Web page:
To be able to laugh at oneself is an admirable trait, particularly when this involves poking fun at some historically un-stellar work. Here are two films that do just that, from two very different stars.
Danny (Marc Pickering) works as a runner on a breakfast TV show where he lusts after its bland presenter, Dawn (Susannah Fielding). When co-host Cliff (David Easter) announces he is leaving the show, his possible replacements are named, including Joe Pasquale, Tony Blackburn and Keith Chegwin. But their lives are threatened when they start to be hunted down by a brutal killer…
Keith Chegwin is a man known primarily for being the living embodiment of the bottom of the barrel, with a career that has spanned Swap Shop and Naked Jungle. As such he lends himself brilliantly to sending himself up, which, to his credit, he is more than happy to do.
This is an incredibly daft film from beginning to end which could probably have been made consistently funny with a bit of rewriting. As it is it’s occasionally amusing, and better when it tries to be original, satirising daytime TV, instead of relying on tried and tested jokes from other films.
The other celebrity guests also do well in their brief cameos, although Tony Blackburn was clearly unwilling or unable to play the part they wanted him for, resulting in a baffling plot device where he plays a body double for the “real” Tony Blackburn, who looks nothing like him. I didn’t understand it either.
Chegwin is the highlight of this film, and the bits he’s not in don’t measure up to the admirable level of self parody and enthusiasm he injects into his scenes. The film’s plot is bizarre and nonsensical, but for a low budget film called Kill Keith it could certainly have been worse. Cheggers is at his best when he’s sending himself up, but Cheggers at his best still may not be enough for most.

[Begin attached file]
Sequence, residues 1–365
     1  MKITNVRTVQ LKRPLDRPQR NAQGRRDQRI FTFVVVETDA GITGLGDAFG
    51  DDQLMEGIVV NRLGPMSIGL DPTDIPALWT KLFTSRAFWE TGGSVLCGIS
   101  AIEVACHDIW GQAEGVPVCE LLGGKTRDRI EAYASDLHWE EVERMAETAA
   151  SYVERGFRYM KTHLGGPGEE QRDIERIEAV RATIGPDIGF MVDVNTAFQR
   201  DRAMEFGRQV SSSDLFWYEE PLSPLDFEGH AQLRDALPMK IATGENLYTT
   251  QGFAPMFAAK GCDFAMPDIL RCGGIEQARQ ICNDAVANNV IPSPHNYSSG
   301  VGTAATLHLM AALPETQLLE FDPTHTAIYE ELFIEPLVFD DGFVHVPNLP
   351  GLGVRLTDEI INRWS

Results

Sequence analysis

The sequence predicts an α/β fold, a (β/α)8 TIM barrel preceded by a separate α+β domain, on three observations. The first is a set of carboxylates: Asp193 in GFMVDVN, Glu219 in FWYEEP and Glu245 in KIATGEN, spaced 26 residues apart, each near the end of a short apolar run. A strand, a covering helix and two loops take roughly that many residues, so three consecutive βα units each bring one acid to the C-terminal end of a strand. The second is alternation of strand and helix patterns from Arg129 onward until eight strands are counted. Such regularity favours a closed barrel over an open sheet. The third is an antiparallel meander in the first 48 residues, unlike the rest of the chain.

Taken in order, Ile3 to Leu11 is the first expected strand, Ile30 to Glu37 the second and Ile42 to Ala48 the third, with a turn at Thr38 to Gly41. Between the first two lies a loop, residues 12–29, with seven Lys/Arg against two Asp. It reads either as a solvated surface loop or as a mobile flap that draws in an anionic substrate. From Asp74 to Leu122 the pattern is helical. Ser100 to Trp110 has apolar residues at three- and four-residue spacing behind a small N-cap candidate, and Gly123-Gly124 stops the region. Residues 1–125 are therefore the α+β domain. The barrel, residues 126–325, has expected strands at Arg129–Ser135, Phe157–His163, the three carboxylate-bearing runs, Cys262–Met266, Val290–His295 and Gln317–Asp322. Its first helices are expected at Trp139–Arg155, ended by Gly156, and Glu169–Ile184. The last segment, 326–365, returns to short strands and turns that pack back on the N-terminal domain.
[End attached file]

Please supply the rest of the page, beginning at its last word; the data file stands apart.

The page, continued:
Jean-Claude Van Damme, the man with twice as many names as good films, plays Jean-Claude Van Damme, a man who seems to have got his names on buy one get one free.
Anyone who’s seen that Volvo ad knows that Jean Claude Van Damme is a man with a lot to be proud of, but the quality of the films he’s been in probably isn’t on the list. When he faced a lawsuit, the prosecution accused him of faking his martial arts, to which his own defence attorney said “just look at his movies; he didn’t get those roles on his acting ability!” JCVD is his confessional, as he finally levels with his audience and treats them as intelligent following a career of dumbed down films.
He plays a movie star down on his luck as he fights a custody battle and keeps losing his parts to Steven Segal. While filming in Belgium he unwittingly becomes involved in a post office hold-up. He sends himself up enormously and presents himself as a down-and-out loser. In one extended scene he talks directly to camera, laying himself bare and displaying his genuine talents as an actor. Rarely is a movie star this honest.
The heist aspects of the film are weaker, as they feel unoriginal and aren’t that interesting. The action is also far thinner on the ground than in the majority of the Van Damme back catalogue, as you’d expect in a post modern, self deprecating send up, but it’s also a shame we don’t get to see more of JCVD’s trademark kicks.
It’s certainly higher in quality than Kill Keith, but also not as much fun.